Every morning in Tokyo and Kyoto, Koji, Mere and I took part in a canned kanji ritual in the lobby of our hotel. In Japan, ready-to-drink canned coffee is available in just about every lobby – and street corner:

The vending machines themselves are pretty high tech… hot and cold distribution; liquid into a cup distribution, etc. The hot canned coffee always came out at the perfect temperature.

According to some of our guide readings – and even Japanese Wikipedia – the big canned coffee fad kicked off in the early 1970s and was really booming by the early 80s. In addition to some names we hadn’t seen before (Pokka, Dydo) – a lot of the big Japanese beverage companies (Suntory, Kirin, Coca-Cola, Nescafe, Asahi) have their own brands/labels in the canned coffee market, too.

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the goods – straight from japan

Just the other day Thrillist.com shared an awesome website – “The Japan Goods Finder.”

It’s an sick source for new products – culinary, design, etc. and it even auto-translates the sites so you don’t have to visit them individually through google’s translation. Among the list: Mitsukoshi Department Store where we found amazing food products.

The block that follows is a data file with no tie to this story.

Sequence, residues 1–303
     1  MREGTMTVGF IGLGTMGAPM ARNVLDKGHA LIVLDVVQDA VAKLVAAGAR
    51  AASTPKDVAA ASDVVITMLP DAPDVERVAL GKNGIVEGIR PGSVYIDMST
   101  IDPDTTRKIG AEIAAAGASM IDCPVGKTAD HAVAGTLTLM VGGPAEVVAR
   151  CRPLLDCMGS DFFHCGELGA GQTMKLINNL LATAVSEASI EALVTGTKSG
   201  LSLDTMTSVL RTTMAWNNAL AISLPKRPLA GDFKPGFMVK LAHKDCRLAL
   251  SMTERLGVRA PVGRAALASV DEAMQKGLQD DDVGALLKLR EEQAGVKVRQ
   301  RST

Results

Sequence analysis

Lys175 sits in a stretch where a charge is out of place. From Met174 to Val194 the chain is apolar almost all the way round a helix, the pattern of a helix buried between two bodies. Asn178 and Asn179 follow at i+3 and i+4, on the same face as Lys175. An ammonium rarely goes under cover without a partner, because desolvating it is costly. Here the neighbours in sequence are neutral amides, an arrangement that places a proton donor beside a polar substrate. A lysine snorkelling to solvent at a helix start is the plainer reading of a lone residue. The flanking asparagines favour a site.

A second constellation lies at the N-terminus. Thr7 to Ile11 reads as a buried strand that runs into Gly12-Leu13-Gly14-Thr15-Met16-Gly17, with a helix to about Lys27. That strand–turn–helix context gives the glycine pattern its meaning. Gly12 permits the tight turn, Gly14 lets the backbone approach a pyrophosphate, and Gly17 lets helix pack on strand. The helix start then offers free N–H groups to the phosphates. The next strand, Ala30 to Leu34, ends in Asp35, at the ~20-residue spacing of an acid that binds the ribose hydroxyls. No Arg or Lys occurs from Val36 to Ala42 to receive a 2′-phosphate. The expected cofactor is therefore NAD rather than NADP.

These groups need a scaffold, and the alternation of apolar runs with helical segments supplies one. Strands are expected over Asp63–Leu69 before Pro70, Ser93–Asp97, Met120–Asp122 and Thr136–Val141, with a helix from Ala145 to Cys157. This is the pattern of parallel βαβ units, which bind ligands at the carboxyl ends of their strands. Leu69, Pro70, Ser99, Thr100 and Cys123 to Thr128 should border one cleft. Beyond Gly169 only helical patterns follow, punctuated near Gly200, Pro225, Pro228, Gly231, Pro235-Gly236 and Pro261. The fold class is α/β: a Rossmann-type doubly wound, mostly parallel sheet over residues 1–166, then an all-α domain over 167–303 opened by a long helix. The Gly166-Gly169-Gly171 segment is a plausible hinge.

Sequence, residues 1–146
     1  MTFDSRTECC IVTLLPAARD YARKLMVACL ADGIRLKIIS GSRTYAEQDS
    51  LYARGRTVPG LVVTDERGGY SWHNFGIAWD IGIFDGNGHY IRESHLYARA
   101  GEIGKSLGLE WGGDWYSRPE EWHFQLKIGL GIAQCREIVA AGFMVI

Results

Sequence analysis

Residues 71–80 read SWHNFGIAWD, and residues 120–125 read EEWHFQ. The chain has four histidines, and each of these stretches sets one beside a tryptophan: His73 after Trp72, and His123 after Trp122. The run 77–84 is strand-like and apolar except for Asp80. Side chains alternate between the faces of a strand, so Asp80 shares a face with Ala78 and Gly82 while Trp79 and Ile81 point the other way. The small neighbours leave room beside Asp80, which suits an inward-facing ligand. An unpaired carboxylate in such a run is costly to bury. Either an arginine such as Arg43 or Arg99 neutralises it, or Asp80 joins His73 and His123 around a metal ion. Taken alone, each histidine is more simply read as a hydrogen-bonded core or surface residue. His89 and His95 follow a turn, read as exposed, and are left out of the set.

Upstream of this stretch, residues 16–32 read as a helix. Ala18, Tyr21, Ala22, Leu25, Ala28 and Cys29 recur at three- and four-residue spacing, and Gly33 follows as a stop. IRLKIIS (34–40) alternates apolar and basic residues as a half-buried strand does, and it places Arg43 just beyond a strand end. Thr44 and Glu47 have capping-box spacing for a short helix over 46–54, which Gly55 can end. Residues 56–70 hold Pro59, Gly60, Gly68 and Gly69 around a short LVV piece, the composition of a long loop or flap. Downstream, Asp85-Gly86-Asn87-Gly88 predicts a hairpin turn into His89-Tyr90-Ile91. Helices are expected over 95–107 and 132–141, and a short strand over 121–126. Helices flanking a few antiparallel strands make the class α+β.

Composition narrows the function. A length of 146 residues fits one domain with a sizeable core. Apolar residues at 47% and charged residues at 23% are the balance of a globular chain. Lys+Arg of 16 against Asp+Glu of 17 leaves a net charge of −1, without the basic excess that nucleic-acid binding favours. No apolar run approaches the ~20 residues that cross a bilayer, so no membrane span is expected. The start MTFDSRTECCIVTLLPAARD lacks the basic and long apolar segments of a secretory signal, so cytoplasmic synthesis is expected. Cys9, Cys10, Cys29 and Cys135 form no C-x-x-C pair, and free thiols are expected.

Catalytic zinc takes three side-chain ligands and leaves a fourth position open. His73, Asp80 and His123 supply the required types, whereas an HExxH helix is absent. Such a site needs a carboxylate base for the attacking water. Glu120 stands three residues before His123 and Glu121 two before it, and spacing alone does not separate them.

Check it out here: http://www.japangoodsfinder.com/

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Even in a country with one of the lowest rates of beef consumption – there is evidence of the burger craze. We dropped into pakutchi in Shibuya for a taste…

パクッチバーガー Pakutchibaga
パクッチチキンバーガー Pakutchichikinbaga
タワーバーガー Tower Burger

Here’s our pakutchibaga…

It’s not as often that taste demands your awareness of each component of the burger (beyond the beef). Here, I was surprised that even the lettuce – so fresh! – contributed so much to the flavor/texture. What’s great is that you could deconstruct a pakutchi burger and enjoy each ingredient separately. Not sure how many burgers stand up to that challenge back in the states…

Here’s a full ‘brand’ shot (including the Tower Burger) from GourNavi:

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sunfruits, atelier du soliel

Many of the department stores here include whole floor ‘markets’ dedicated to specialty foods. At Mitsukoshi we discovered Sun Fruits, Atelier du Soliel – a company known for its prized fruits.

Cantaloupes like this (a cultivated variety of muskmelon -the fruit that flavors midori) range anywhere between $50-$100 because of the intensive care that goes into their growth – from temperature and light distribution to regulated trimming and watering. The result is a perfect shape, skin-texture, smell and, of course, taste.

Koji’s pick:

I really like the concept of premium fruits as gifts… another way to pay tribute to seasonality and the value of a specific moment in time.

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Koji, Mere and I have been walking the city on the search of menu layouts, cool design and inspiration – (not to mention to keep our appetites up). I filmed our own version of the Shibuya Crossing – but I think this YouTube video is a much better take. Total chaos – in sync:

The intersection – right in front of the Shibuya Station, Hachikō exit lets pedestrians cross in all directions. Here’s a shot of Koji and I taken from inside a surrounding building:

Shibuya on a plate = [insert your response].